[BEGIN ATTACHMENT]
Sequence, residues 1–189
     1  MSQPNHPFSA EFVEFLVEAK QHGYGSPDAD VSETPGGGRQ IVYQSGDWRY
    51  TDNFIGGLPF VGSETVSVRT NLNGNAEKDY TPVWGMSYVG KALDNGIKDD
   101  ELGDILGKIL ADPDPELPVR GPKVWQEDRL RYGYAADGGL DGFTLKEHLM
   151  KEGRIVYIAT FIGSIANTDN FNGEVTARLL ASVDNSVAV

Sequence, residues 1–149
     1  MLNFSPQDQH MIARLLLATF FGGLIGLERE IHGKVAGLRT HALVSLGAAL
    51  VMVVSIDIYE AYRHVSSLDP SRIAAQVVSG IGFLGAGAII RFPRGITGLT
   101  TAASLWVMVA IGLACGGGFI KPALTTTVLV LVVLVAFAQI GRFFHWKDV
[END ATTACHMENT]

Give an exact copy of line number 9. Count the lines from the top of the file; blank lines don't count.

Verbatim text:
   101  TAASLWVMVA IGLACGGGFI KPALTTTVLV LVVLVAFAQI GRFFHWKDV